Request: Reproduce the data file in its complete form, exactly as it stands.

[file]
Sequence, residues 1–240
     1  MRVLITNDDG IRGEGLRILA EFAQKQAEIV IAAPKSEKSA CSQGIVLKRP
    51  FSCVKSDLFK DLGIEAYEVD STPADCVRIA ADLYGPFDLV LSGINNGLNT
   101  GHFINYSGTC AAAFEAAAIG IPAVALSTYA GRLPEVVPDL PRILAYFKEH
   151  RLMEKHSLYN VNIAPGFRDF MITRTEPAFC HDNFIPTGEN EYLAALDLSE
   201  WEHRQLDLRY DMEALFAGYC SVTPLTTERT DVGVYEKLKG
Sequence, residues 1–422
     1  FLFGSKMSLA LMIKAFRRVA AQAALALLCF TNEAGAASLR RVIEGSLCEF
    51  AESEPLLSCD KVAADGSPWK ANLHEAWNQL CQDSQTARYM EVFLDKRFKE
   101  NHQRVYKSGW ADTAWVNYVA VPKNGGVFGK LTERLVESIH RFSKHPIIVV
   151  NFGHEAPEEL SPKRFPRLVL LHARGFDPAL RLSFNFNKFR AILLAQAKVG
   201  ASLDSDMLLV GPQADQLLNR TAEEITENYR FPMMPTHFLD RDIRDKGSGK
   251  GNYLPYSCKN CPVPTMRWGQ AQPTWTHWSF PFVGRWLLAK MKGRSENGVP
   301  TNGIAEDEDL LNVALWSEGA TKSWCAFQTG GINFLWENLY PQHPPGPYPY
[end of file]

Sequence, residues 1–240
     1  MRVLITNDDG IRGEGLRILA EFAQKQAEIV IAAPKSEKSA CSQGIVLKRP
    51  FSCVKSDLFK DLGIEAYEVD STPADCVRIA ADLYGPFDLV LSGINNGLNT
   101  GHFINYSGTC AAAFEAAAIG IPAVALSTYA GRLPEVVPDL PRILAYFKEH
   151  RLMEKHSLYN VNIAPGFRDF MITRTEPAFC HDNFIPTGEN EYLAALDLSE
   201  WEHRQLDLRY DMEALFAGYC SVTPLTTERT DVGVYEKLKG
Sequence, residues 1–422
     1  FLFGSKMSLA LMIKAFRRVA AQAALALLCF TNEAGAASLR RVIEGSLCEF
    51  AESEPLLSCD KVAADGSPWK ANLHEAWNQL CQDSQTARYM EVFLDKRFKE
   101  NHQRVYKSGW ADTAWVNYVA VPKNGGVFGK LTERLVESIH RFSKHPIIVV
   151  NFGHEAPEEL SPKRFPRLVL LHARGFDPAL RLSFNFNKFR AILLAQAKVG
   201  ASLDSDMLLV GPQADQLLNR TAEEITENYR FPMMPTHFLD RDIRDKGSGK
   251  GNYLPYSCKN CPVPTMRWGQ AQPTWTHWSF PFVGRWLLAK MKGRSENGVP
   301  TNGIAEDEDL LNVALWSEGA TKSWCAFQTG GINFLWENLY PQHPPGPYPY